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Hey @robtkurtz - I replied a bit longer near the bottom of thread explaining the differences in the aftermarket hitches vs OEM. Hope it helps - here are the parts:

Large shank to raise and level the trailer about to where the OEM receiver would sit. (Install WDH head using highest holes - this one works with a Curt WDH - probably would work with other weight distribution hitches - you would have to confirm)

Weight distribution rated aftermarket hitch made for Atlas.
@alramos - thanks for all your posts and the information you're sharing. You might have mentioned it and I missed it, but what was the main driver in switching from your original setup to the second hitch for your WDH system? Was there a performance issue or was it for peace of mind, knowing that the OEM hitch isn't designed for WD?

Congrats on getting out in your camper so much this summer -- enjoy the rest of your trip!
 

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@alramos

Appreciate your real world experiences in this thread. If you had to do it all over again would you skip the factory installed hitch and just install the aftermarket one you purchased?

Also have you heard about or had any experience with the Gen-Y torsion hitches? Seems to be an interesting product.
 

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Discussion Starter #43
@alramos - thanks for all your posts and the information you're sharing. You might have mentioned it and I missed it, but what was the main driver in switching from your original setup to the second hitch for your WDH system? Was there a performance issue or was it for peace of mind, knowing that the OEM hitch isn't designed for WD?

Congrats on getting out in your camper so much this summer -- enjoy the rest of your trip!
Good morning @Bill B - you are observant as I didn't directly come out and say why I switched over to the aftermarket hitch system. Just as you presumed, it comes down to peace of mind. I didn't have any negative experiences with the OEM hitch nor issues with performance - just wanted to know that I was using something designed to bear the weight and forces of a WDH. I probably would have continued to use the OEM hitch based on my previous experience if the hitch I switched over to didn't exist.

Thanks Bill - we have been fortunate enough this summer and certainly enjoying ourselves staying away from triple digits in the mountains and have a few more days of it before heading back.
 

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Thanks @alramos. You’ve been a great source of information. We‘re ordering our travel trailer today for pick up in November. I’m planning to start with the airbag helpers and a friction bar and graduate to the aftermarket hitch if needed. Northern Arizona is on our short list of places to visit. Continued safe travels to you!
 

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Discussion Starter #45
@alramos

Appreciate your real world experiences in this thread. If you had to do it all over again would you skip the factory installed hitch and just install the aftermarket one you purchased?

Also have you heard about or had any experience with the Gen-Y torsion hitches? Seems to be an interesting product.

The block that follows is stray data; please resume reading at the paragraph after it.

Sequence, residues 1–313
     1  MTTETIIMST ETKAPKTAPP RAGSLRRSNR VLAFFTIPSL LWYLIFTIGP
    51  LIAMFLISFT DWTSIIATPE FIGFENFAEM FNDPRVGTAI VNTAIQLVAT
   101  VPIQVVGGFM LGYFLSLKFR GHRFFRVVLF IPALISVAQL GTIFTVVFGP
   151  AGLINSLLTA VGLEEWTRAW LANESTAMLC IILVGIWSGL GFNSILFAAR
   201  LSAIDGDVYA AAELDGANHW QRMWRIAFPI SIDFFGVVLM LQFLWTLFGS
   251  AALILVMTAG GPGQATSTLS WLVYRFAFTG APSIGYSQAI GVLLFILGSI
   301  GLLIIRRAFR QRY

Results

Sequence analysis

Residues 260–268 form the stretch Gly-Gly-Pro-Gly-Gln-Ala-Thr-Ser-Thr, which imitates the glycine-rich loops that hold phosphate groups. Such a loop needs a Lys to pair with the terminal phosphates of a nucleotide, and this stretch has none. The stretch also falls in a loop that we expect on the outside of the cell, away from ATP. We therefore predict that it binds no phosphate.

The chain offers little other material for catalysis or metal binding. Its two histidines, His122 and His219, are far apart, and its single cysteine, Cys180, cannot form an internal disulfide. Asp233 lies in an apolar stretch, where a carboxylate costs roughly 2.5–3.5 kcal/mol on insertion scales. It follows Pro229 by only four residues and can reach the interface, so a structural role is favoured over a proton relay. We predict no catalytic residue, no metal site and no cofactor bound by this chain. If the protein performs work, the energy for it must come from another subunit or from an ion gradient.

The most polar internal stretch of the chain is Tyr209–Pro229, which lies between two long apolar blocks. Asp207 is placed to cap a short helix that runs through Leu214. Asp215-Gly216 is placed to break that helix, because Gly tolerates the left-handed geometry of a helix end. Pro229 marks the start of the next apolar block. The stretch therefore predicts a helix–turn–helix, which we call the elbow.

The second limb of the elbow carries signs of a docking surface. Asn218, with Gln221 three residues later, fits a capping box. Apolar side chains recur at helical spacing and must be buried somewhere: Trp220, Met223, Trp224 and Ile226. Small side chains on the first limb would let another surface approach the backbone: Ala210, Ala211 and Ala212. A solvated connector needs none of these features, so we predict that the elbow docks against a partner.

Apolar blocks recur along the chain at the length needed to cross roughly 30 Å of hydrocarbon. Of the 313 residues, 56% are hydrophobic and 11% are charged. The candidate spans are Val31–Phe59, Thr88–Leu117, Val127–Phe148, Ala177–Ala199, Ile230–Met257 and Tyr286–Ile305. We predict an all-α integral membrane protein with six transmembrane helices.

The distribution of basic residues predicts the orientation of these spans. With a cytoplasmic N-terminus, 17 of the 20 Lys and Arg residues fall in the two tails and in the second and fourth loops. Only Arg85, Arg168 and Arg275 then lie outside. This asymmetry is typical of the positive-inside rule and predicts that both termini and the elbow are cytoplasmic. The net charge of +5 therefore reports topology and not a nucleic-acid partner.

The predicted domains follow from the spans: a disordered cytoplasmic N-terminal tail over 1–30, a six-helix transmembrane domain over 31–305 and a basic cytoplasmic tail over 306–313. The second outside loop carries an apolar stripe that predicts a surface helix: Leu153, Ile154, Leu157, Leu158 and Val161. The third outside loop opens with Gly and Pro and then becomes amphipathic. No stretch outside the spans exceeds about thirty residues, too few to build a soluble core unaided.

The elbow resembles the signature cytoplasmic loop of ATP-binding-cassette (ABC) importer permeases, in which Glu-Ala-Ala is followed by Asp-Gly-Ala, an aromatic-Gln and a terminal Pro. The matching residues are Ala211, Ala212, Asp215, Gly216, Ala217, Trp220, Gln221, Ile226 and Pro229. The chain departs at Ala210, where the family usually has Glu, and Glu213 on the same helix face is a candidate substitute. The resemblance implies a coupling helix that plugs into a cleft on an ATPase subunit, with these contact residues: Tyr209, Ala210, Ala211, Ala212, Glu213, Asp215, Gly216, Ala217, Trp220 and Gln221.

Good morning @Reroll - regarding skipping the factory installed hitch I am unsure if I would have done that. There is much debate on whether or not there is additional features added to the Atlas when purchasing with the factory installed towing package, for example "enhanced cooling". There has also been some information about an "enhanced fan and alternator" set up. This along with with proper trailer harness wiring - which I haven't a need with the Curt Echo Brake Controller. I have heard of this, but have yet to verify or really look into it. To have the 5K rating was simply enough peace of mind for me. At the end of the day, it was only $550 added to sticker price, and we purchased with about a 5K discount overall - so I haven't lost any sleep over the hitch now sitting defunct, although the OEM hitch loops are still serving a real purpose by acting as back-up safety as mentioned in a previous post.

I have heard of the Gen-Y torsion hitch and have seen videos on it on YouTube. Although it seems like a great system for what it does - I am unsure if it would perform like I would want it to with the higher towing weights I am working with and stability I am looking for in a hitch system. I believe it would work well for lower weights, perhaps <3,500 lbs. I haven't spent enough time looking at the Gen-Y hitch for my application. Ultimately, I don't believe it does anything with transferring weight to front axle to increase safety with steering and balance during any serious traffic / driving event / maneuver.

I just came back from the Gen-Y site, and they apparently have a product made now for WDH - called "The Boss (Torsion-Flex) Weight Distribution. That seems like an interesting set up, but of course would utilize weight distribution. I am unsure the basic Gen-Y torsion hitch would accomplish much more than smoothing out the ride. I don't have a harsh ride with my set up. Gen-Y does also sell a sway control attachment - I would consider that with the basic Gen-Y hitch at minimum for improved safety.
 

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Hi All, thought I would share my experience over the weekend with the new setup.